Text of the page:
A thermometer reading around 98.6 degrees Fahrenheit (37 degrees Celsius) usually means the body temperature is normal. Not any more, says Julie Parsonnet and her colleagues at Stanford University, School of Medicine.
By analysing massive 6,77,423 human body temperature records, collected during the last 157 years, Parsonnet and her colleagues found that “men born in the early 19th century had temperatures 0.59°C higher than men today” and that “temperature has also decreased in women by 0.32°C since the 1890s”. This means that the onset of fever is at 99.5°F and not at 100°F.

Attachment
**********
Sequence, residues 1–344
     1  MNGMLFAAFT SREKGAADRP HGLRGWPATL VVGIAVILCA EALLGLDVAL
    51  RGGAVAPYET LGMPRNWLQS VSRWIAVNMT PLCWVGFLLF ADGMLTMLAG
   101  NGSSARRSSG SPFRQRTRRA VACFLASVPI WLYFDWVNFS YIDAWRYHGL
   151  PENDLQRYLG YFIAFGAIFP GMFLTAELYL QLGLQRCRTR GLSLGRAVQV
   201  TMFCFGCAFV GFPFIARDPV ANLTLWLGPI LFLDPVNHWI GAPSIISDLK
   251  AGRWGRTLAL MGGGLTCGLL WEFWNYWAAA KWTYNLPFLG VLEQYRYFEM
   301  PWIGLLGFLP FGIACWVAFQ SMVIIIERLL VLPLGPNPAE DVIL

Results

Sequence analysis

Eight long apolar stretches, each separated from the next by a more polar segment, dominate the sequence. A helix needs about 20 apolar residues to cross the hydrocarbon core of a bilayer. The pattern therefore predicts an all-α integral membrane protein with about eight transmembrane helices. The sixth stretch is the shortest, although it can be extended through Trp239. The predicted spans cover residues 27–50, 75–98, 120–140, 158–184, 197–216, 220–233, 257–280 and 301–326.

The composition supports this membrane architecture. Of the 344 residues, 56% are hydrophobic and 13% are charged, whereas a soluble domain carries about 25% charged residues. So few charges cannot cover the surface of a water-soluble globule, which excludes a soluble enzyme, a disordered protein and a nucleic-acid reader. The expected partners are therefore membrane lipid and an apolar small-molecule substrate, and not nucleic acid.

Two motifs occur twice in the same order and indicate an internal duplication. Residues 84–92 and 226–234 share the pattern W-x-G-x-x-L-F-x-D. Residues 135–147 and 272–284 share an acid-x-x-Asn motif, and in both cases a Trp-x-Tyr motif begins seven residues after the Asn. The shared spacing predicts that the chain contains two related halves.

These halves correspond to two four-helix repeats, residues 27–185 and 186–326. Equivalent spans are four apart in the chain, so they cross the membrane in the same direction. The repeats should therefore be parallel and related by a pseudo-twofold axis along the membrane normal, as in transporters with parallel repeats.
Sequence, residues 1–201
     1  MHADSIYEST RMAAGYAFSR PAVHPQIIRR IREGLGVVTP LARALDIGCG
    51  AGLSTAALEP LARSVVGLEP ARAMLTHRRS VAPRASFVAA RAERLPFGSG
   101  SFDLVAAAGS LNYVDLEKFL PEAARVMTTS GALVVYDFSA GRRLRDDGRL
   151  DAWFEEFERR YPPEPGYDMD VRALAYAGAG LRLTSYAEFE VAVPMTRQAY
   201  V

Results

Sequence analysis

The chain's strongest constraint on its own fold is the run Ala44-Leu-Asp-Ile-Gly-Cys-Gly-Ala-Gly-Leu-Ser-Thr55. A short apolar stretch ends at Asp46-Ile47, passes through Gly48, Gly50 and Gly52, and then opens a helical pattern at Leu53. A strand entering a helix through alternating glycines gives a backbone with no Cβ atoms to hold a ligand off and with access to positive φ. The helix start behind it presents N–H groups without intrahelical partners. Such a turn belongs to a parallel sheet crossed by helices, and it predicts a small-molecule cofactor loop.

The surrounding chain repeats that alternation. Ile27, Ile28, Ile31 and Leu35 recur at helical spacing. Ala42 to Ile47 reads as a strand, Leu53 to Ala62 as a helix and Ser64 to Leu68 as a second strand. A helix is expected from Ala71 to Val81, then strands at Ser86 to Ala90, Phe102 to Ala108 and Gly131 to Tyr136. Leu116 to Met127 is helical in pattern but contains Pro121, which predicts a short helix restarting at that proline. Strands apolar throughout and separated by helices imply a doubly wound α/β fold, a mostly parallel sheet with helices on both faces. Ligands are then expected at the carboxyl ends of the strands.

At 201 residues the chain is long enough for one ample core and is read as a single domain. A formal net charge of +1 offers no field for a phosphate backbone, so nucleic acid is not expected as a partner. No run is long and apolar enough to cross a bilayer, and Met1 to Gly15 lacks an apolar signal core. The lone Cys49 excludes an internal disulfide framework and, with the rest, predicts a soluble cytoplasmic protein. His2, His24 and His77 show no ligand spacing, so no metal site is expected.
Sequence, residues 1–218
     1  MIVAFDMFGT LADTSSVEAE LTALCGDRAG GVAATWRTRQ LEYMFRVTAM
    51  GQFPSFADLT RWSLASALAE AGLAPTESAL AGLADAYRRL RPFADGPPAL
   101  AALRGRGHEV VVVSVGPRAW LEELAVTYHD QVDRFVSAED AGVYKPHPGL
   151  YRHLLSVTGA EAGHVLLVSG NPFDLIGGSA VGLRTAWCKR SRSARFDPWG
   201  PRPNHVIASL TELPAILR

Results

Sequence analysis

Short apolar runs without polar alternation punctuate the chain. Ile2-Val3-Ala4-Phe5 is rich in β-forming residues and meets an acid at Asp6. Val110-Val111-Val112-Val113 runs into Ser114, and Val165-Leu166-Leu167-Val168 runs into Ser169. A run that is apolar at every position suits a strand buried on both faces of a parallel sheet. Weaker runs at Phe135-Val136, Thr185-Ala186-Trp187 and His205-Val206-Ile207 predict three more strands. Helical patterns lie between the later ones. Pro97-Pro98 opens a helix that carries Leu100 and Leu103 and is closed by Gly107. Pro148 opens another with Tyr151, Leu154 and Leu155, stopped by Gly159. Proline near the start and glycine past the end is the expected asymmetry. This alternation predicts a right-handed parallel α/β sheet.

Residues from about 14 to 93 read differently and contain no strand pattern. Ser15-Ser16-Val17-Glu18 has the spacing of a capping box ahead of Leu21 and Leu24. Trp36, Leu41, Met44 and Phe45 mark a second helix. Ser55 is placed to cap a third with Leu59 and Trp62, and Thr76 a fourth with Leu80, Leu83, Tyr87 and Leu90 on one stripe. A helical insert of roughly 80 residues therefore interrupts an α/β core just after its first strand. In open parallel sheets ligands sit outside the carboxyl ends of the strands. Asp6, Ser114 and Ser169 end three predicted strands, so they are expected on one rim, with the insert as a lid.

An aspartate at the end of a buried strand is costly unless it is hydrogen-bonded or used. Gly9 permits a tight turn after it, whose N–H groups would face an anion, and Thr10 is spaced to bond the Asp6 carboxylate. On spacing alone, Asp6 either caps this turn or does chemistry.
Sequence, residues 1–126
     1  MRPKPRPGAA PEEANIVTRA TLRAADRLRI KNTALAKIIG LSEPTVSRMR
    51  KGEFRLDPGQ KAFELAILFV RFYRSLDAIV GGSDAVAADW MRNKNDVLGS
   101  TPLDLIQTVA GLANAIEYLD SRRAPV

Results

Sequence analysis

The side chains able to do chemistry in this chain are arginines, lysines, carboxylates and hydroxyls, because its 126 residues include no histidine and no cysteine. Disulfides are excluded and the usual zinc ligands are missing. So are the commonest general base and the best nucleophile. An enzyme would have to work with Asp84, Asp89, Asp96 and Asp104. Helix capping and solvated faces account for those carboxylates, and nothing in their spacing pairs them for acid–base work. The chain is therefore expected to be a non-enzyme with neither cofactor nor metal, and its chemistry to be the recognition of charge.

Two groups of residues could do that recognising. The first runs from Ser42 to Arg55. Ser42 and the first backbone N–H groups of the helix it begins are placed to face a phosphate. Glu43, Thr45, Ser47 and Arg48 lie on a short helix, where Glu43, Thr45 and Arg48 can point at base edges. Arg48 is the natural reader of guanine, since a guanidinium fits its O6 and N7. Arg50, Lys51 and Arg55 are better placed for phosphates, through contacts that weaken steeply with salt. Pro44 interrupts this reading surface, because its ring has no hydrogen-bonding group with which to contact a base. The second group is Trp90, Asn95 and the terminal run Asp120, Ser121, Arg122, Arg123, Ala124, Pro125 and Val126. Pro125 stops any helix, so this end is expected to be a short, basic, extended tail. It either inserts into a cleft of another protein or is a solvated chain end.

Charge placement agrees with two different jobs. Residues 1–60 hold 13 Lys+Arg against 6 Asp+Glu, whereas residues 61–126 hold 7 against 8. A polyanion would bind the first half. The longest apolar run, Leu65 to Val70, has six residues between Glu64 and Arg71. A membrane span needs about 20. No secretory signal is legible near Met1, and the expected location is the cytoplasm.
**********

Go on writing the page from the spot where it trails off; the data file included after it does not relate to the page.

What is normal?
From ancient times, physicians have been using body temperature as a critical vital sign in medical diagnosis. A German physician Carl Reinhold August Wunderlich, practising at Leipzig hospital, collected data on body temperature from everyone whom he could lay his hands on. Ill or healthy, he noted down their body temperature many times a day and for several days.
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